Reach for Me -- Film Review

Benjamin Walker
Jason Kempin/Getty Images

NEW YORK - OCTOBER 13:  Actor Benjamin Walker attends the "Bloody Bloody Jackson" opening night after party at Brasserie 8 1/2 on October 13, 2010 in New York City.

MILL VALLEY, Calif. -- From the moment we encounter the terminally ill Alvin (Seymour Cassel), an irascible, sexist misanthrope spending his last days at a hospice in the painfully corny, "Reach for Me," we know he's headed for a major transformation by the last reel. A walking stereotype, it's never in doubt that he'll learn valuable life lessons and change his tune before he straightens out and dies right.

If there's hope, for the film that is, it lies in the winning presence of Cassel (who's also an executive producer), though he has to suppress much of his natural on-screen amiability to play a selfish off-putting troublemaker. LeVar Burton directs and appears in a minor role as a hospice attendant in this pedestrian, tear stained melodrama, a soapy movie of the week that seems tailor made for straight-to-cable broadcast.

The film is unsparing in its depiction of the loss of control of bodily functions -- and loss of body parts -- to illness. If only equal realism had been applied to the writing, which after pumping Alvin's sexual crudity and demanding behavior for humor, rapidly turns to mush. Burton's serviceable direction and the charismatic Cassel cannot overcome Michael Bruce Adams' sentimental, manipulative screenplay and sappy dialogue.

Alvin taxes the patience of his long suffering nurse (Alfre Woodard, bringing her usual dignity and inner strength to the part) and fellow hospice residents including a potential romantic interest, Valerie (an unrecognizable Adrienne Barbeau), until a model of how to love deeply and die with grace arrives in the form of Alvin's new roommate, Kevin (Johnny Whitworth).

Young and remarkably buff for someone wasting away from terminal cancer, Kevin has a positive attitude and an angelic girlfriend, Sarah (Lacey Chabert), who plays the guitar and sings to him. As Julio Reyes Copello's cloying score swells on the soundtrack, a weeping Kevin confides to her that what he wants most is that she be happy with someone else when he's gone, if not before.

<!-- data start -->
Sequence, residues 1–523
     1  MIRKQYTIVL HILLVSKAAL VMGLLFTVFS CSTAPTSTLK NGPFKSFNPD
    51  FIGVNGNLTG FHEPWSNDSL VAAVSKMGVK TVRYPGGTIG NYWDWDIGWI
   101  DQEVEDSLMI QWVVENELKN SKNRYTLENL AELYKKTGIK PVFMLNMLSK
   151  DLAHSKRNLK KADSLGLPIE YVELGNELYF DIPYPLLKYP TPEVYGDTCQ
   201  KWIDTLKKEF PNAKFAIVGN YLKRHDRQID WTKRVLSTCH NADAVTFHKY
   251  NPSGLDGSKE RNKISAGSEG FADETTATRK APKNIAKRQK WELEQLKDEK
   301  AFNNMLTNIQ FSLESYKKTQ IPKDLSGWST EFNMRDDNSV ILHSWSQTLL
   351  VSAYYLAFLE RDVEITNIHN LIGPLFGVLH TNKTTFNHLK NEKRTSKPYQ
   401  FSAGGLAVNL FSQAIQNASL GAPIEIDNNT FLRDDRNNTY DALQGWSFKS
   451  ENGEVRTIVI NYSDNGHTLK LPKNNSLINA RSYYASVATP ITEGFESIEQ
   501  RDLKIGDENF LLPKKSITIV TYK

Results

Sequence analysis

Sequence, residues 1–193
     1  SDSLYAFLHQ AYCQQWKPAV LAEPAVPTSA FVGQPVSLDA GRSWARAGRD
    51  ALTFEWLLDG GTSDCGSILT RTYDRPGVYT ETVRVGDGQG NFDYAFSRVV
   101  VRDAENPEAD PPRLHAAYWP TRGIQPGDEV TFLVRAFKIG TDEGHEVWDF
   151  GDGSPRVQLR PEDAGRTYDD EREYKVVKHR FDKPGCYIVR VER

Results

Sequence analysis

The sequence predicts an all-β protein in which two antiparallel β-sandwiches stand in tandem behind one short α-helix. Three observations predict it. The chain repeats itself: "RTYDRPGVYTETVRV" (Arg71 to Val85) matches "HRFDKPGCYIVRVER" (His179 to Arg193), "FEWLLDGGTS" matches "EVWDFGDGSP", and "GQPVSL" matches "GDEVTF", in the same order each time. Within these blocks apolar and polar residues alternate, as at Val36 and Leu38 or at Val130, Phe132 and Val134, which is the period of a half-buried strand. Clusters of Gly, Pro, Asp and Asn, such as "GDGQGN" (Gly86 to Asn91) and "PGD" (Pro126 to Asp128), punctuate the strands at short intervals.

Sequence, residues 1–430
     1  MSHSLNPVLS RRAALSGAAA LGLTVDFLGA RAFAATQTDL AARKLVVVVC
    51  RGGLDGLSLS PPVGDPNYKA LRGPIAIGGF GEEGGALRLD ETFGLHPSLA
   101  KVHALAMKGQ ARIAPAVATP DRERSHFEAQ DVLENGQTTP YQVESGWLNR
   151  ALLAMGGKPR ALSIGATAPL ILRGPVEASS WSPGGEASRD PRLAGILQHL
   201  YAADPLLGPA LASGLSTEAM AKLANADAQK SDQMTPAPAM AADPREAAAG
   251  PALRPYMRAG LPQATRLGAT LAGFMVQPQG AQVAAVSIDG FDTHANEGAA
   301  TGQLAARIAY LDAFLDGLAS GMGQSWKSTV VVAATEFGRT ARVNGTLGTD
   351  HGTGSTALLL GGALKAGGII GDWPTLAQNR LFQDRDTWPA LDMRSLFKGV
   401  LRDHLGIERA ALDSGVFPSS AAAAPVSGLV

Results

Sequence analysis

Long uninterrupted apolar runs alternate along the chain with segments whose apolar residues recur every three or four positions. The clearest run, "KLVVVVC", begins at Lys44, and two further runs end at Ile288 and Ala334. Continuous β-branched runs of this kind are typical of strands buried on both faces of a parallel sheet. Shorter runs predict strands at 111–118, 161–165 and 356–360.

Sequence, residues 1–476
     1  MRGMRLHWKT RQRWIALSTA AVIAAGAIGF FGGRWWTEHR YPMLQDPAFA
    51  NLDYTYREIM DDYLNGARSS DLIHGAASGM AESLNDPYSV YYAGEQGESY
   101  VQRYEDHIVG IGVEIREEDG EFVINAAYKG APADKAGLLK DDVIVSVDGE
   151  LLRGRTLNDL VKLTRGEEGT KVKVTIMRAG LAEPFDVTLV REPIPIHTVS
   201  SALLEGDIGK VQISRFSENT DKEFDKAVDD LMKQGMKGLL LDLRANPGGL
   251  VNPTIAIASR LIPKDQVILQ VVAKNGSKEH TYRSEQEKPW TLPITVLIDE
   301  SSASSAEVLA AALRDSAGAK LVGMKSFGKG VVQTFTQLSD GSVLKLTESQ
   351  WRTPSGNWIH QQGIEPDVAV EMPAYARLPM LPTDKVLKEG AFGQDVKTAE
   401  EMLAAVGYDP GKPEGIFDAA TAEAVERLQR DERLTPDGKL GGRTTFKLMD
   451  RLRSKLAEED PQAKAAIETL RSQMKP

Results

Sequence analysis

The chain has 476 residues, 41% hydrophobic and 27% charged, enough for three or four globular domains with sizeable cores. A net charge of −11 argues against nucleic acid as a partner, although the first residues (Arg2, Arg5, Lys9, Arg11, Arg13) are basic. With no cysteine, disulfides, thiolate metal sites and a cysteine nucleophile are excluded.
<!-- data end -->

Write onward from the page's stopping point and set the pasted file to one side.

The couple's idyllic connection and Kevin's selflessness supposedly rub off on Alvin. His flashbacks (done in saturated color) to old conversations with his bitter ex-wife lead him to see the error of his ways and seek companionship with Valerie, developments that defy belief.

With an aging population and the debate over death and dying intensifying, there's an audience for a tough, credible drama about coming to terms with the end of life, one that deals with the rage and humiliation of living inside a body that's betraying itself. Unfortunately, this isn't it.

Venue: Mill Valley Film Festival

Production company: AMediaVision Productions
Cast: Seymour Cassel, Alfre Woodard, Johnny Whitworth, Lacey Chabert, Adrienne Barbeau, Charlene Blaine, Larry Hankin, LeVar Burton
Director: LeVar Burton
Screenwriter: Michael Bruce Adams
Executive producers: Gary Passon, Seymour Cassel
Producers: Charlene Blaine-Schulenburg, Susan R. Rodgers, Mark Wolfe
Director of photography: Kris Krosskove
Production designer: Jen Fiedler
Music: Julio Reyes Copello
Costume designer: Mikel Padilla
Editor: Avril Beukes
No rating, 90 minutes